It’s still an intensely absorbing experience, though, with a career best performance from Jackman.

Hammersmith Lyric | By Steve Dinneen
Two Stars

THE Hammersmith Lyric is getting a lick of paint. A fairly major one. Once upon a time, this would have meant shuttering the theatre – but not any more. These days, staging a play in a construction site is a boon. Stick the word “secret” in front of it and you have yourself a marketing coup.

The Lyric is staging a series of Secret Theatre plays amid the detritus of renovation, although beyond a few sheets of plastic and going in through the tradesman’s entrance, you’d never know.

The premise of the series is that you don’t know what’s on until it starts (I saw “Show 2”).

It’s a spirited performance from a 10-strong troupe, but one that never captures the energy or immediacy of the famous text upon which it is based.

Sergo Vares plays the central role, following in the footsteps of a Hollywood giant. It’s an impossible ideal to live up to; alas, he doesn’t.

At almost three hours, it’s a fairly long haul; the first half drags a little, although the pace picks up as it lurches towards its dark conclusion.

It’s a cracking choice of play – few will be disappointed when they realise what it is – but one that’s let down by a production that veers a little close to community-theatre.

Cert 15 | By Melissa York
Two Stars

LIFE is just one big gamble for Justin Timberlake’s character Richie Furst in Runner Runner.

It is this inability to separate reality from gambling that leads the dean of Princeton University (where Furst is studying Maths) to threaten him with expulsion.

The little rascal has been getting students hooked on online gambling in exchange for cash from shady casino websites to pay his tuition fees.

Furst attempts to fix this problem by gambling his tuition fees away on a shady casino website where he inexplicably loses all of his money.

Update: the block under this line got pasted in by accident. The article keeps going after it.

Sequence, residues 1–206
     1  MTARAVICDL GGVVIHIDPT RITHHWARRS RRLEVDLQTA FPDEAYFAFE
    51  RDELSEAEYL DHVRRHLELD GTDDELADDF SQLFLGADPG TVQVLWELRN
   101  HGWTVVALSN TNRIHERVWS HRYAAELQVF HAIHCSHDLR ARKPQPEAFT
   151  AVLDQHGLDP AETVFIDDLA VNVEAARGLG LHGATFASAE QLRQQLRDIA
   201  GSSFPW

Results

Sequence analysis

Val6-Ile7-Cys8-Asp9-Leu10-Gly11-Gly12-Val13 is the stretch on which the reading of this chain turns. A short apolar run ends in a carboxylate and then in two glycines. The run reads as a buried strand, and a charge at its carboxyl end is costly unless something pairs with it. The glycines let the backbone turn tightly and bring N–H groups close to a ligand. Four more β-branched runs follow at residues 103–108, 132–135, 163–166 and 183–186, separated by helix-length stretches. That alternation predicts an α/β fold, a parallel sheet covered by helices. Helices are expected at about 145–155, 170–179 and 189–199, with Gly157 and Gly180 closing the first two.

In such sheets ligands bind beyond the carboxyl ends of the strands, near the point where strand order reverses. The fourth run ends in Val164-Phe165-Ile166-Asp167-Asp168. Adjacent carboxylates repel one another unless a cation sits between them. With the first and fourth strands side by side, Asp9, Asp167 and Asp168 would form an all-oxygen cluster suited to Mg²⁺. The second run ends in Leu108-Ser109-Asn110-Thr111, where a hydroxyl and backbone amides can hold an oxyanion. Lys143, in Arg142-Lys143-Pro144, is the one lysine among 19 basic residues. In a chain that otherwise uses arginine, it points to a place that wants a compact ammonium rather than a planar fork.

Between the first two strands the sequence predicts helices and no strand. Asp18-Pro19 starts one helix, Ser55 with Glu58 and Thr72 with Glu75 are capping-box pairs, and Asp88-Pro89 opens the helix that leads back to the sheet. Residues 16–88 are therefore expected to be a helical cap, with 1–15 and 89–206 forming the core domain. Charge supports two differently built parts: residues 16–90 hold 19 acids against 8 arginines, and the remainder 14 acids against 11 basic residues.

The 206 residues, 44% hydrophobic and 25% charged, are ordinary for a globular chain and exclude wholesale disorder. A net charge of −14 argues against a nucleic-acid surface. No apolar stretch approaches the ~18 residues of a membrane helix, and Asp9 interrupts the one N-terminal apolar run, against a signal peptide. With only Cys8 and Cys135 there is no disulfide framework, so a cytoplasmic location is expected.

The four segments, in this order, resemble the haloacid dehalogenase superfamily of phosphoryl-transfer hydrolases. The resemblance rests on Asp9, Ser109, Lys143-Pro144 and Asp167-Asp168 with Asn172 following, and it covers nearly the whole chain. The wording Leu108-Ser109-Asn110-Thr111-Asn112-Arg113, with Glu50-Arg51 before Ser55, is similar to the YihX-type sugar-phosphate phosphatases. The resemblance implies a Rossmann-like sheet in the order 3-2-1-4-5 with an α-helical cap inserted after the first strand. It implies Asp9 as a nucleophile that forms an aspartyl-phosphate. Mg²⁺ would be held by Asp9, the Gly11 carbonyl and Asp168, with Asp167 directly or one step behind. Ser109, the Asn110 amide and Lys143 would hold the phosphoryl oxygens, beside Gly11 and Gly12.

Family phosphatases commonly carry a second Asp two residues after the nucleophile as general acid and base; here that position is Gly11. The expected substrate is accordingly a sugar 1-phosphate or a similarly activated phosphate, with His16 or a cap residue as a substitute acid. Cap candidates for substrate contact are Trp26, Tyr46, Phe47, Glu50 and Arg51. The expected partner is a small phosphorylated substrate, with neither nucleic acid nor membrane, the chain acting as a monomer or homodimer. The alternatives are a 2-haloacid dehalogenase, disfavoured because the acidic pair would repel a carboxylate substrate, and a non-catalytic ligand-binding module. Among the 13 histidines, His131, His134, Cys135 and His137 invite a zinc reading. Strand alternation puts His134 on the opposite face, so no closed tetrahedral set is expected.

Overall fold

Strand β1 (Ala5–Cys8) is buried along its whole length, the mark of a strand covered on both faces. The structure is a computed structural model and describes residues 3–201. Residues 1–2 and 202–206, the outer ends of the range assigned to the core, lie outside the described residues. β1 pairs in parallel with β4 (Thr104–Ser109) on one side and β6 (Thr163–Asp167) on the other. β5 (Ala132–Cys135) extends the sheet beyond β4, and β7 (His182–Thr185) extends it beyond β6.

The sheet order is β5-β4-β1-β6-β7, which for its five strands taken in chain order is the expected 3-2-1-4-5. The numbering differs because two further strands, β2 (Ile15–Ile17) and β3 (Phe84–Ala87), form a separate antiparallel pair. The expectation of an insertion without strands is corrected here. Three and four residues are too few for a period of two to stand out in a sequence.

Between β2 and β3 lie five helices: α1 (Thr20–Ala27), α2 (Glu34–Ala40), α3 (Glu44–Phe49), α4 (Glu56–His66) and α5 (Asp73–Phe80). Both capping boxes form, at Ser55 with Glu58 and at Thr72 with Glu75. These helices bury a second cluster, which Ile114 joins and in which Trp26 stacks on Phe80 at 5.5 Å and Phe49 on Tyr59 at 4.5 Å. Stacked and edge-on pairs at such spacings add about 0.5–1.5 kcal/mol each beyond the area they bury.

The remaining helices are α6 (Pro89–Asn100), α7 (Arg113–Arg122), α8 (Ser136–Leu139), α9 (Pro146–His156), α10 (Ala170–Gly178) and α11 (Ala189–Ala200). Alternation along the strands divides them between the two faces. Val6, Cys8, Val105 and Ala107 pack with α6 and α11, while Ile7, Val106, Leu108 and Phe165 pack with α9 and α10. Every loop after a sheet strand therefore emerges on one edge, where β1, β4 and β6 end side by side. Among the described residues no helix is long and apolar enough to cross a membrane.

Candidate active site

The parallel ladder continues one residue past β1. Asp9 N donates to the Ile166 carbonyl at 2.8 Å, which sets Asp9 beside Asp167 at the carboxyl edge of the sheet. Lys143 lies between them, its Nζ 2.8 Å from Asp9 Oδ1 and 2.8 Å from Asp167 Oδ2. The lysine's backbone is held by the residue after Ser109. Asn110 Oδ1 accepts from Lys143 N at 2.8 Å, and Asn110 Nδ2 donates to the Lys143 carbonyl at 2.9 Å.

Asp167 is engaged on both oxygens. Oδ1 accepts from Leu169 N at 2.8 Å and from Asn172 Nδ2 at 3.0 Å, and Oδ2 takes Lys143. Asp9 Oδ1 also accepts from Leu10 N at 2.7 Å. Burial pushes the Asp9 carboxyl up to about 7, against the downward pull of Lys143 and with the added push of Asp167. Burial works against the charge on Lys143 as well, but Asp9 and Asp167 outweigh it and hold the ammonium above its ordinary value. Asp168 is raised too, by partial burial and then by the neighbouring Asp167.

This is where my sympathy with Timberlake’s character started to wane.

Then – in what can only be explained as an attempt to sweep the board at the Chump of the Year awards – Furst decides to travel to Costa Rica to confront the head of aforementioned shady website Midnight Black and convince him he was cheated out of his tuition fee money.

This is where I totally lost sympathy for Rich – the film had been running for ten minutes. After a poor attempt at persuasion from his one nameless friend, Furst gatecrashes a casino party and finds himself in front of Ben Affleck’s Ivan Block, evil Midnight Black extraordinaire, who immediately makes Furst his protégée. Without giving too much away, the job isn’t all it’s cracked up to be.

British beaut Gemma Arterton also smoulders her way into the plot as Block’s on/off girlfriend Rebecca Shafran. Those looking forward to seeing the RADA graduate in a meatier role will be disappointed because this part requires her to do little more than look fantastic in clinging cocktail dresses.

All the compelling elements of Runner Runner are down to the suspenseful direction by The Lincoln Lawyer’s Ben Furman and the exotic yet gritty location, excellently showcased by cinematographer Mauro Fiore.

But tension on pretty beaches can only get you so far. The characters never blossom into human beings and the plot plods along with all the predictability of the most pedestrian of crime thrillers.

Timberlake has far too much swagger to play wide-eyed innocence convincingly and, while Affleck and Arterton try their best, both roles are not worth their time and talents.